Zephyr girls rise to the challenge, bring home state title

By | April 8, 2009

 

The 2008-2009 basketball season was one for the record books at St. Mary Central High School. The Zephyr girls won the WIAA Division 4 state championship by defeating Potosi 45-42. A week later, the boys team made its first ever WIAA state tournament appearance, falling 65-54 in the semi-finals to Assumption of Wisconsin Rapids.

Members of both teams had little time to bask in the glory of playing in Madison. Captains Rachel Brown and Maggie Pawlowski had a 6 a.m. soccer practice scheduled two days after the title game. Tri-captains Matt Flunker, Brian O’Connell and Eric Ransom of the boys’ hoops team opened the baseball season with a 3-2 victory over Wautoma less than two weeks after state. Such is the life of the multi-sport athlete, and these five seniors relish the challenge. Brown and Pawlowski also played on the SMC tennis team, and the guys were members of the football team.

“If I was at a bigger school, I may have been restricted to one sport,” said O’Connell. “I probably would have tried to play basketball and baseball, but probably would not have played football. Since we are a smaller school (208 students), it really opens up stuff for us.”

“Because of the small size of our school, you not only have the opportunity to play more sports,” said Brown, “but you have a better chance to play at the varsity level more years.”

Brown, a third team all-state selection in basketball, has competed in seven state events. In addition to basketball the last two seasons, she played in the Division 2 state singles tennis tournament as both a junior and senior and in three consecutive state soccer tourneys. The Zephyr girls won the 2007 WIAA Division 2 state soccer championship. The basketball title is starting to sink in, said Brown.

“People are still coming up to us to say congratulations,” she said. “It was great to see how much support we received from the school and the community.”

“The support here is always great,” said Pawlowski. “Winning state definitely made my senior year that much better.”

The girls took the championship trophy to the elementary schools where they signed autographs for the students.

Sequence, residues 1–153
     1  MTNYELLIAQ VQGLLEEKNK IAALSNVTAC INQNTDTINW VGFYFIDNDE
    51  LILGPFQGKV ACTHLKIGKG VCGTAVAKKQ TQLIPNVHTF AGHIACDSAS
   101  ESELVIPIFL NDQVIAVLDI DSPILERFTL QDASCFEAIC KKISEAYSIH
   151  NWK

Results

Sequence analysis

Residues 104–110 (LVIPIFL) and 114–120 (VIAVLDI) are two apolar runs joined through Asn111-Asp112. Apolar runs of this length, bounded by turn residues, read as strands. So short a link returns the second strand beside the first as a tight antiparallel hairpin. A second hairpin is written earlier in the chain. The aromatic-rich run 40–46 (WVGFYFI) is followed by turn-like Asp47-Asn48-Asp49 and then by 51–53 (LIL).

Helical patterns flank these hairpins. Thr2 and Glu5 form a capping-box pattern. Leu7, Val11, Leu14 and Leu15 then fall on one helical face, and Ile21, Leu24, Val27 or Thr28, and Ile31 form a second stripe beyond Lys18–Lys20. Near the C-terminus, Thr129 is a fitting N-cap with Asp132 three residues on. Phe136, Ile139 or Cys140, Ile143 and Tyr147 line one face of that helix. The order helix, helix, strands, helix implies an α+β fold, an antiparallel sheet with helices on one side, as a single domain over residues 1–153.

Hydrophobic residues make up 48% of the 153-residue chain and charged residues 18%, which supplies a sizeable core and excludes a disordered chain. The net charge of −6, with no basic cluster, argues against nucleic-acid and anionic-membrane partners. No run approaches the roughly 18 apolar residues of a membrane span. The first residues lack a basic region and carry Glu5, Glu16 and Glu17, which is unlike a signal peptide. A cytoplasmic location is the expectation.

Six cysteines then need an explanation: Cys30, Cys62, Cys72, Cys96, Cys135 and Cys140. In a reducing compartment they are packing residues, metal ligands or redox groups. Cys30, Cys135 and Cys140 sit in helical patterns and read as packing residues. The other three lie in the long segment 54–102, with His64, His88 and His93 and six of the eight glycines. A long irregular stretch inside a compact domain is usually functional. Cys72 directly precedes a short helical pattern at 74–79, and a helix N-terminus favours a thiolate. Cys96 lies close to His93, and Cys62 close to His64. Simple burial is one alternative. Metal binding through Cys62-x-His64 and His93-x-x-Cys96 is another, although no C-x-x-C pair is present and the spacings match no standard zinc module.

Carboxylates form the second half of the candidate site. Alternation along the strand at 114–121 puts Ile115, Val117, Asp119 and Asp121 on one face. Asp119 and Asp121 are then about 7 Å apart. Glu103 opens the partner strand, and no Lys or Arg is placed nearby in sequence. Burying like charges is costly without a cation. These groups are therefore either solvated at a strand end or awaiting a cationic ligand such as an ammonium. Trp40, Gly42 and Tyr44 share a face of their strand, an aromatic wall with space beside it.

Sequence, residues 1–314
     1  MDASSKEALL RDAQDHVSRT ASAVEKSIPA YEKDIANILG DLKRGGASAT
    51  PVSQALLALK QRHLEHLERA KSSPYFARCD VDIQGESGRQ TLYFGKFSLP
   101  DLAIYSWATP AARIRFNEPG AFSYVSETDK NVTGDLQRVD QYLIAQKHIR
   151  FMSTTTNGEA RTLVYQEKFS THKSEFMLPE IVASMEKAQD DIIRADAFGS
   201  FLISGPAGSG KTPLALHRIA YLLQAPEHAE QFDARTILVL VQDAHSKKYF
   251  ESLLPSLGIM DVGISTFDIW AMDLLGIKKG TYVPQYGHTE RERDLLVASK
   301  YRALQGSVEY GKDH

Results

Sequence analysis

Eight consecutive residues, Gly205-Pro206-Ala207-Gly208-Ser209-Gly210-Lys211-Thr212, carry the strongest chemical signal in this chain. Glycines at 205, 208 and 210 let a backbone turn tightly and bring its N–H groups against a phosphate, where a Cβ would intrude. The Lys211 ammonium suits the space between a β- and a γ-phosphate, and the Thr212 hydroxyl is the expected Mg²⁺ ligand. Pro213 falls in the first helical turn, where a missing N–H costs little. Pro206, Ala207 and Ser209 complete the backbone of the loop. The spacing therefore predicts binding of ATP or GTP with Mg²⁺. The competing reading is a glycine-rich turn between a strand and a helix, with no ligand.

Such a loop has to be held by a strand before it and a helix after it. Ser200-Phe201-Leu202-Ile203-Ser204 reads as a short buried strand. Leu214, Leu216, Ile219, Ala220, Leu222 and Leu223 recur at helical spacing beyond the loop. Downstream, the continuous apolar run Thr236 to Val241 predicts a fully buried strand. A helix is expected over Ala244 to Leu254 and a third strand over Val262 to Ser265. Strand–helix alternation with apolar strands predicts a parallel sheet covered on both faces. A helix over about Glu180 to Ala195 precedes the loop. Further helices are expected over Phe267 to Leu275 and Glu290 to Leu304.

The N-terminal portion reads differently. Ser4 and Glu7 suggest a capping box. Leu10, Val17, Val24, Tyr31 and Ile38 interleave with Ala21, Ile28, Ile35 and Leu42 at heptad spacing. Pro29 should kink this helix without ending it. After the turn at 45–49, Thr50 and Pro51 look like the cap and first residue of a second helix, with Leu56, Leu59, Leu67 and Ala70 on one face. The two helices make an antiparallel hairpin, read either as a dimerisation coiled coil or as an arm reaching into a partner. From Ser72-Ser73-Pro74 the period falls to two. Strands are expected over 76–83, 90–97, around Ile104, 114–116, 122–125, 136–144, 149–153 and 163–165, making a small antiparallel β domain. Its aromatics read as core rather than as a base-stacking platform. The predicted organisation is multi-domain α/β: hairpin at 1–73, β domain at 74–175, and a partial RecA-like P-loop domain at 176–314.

“That was really cool,” said Brown, who plans to attend UW-Stevens Point to compete in tennis or basketball. “You really don’t think it makes that much of an impact, but you get to see how the younger kids look up to you.”

The boys tournament run followed a 7-11 conference record.

“We only played one Division 4 team during the season,” said O’Connell.

“We knew we had a chance if we put a good string of games together,” said Ransom.

They hope to follow their basketball success with a good season on the diamond.

“We only lost two players from last year’s team,” said O’Connell, the team’s shortstop. “We returned all our pitchers.”

O’Connell and Ransom will attend UW-Oshkosh in the fall. Flunker will be a student at the University of Wisconsin in Madison, where he hopes to participate in athletics in a different form.

“I am going to try out to be Bucky Badger (mascot),” he said. “I’m doing my push-ups.”

The school’s small number of athletes poses the biggest hurdle on the football field, but the benefits of a small school outweigh the challenges, said Ransom.

“The small population allows you to know everyone,” he said. “Everyone is friends with everyone.”

“It really gives you an opportunity to form relationships with the teachers and with people in your classes,” added Flunker.

O’Connell suggests that prospective students do not let any misconceptions temper their interest in SMC.

“There are still people who think it’s a Catholic school, so all they must do is go to church,” he said. “They do a good job of mixing in faith, and you still have a lot of fun.”

News and notes:
Leadership extends beyond the field for Notre Dame Academy senior Alex Moss. Last month, Moss, a captain on the 2008 Tritons’ football team, volunteered to have his head shaved as part of the school’s support of Sting Cancer Awareness in collaboration with Preble High School and the Greater Green Bay St. Baldrick Foundation. Moss and his younger brother, Sam, a fifth grader at Notre Dame School in De Pere, raised $1,313 for the cause.

“We know quite a few people affected by cancer,” said Moss. “I was happy to represent the senior class and my school. I had a lot of hair, so I figured I could raise some money. It was fun.”

Moss collected donations from teachers and students. Basketball games generated funds.

“We made announcements at halftime,” he said. “Some girls made buckets for us, which we carried everywhere.”

Notre Dame and Preble are cross-town rivals in the Fox River Classic Conference, but teammates in the fight against cancer.

“On the football field or the basketball court, we may not like each other,” said Moss, “but we can come together for the greater good.

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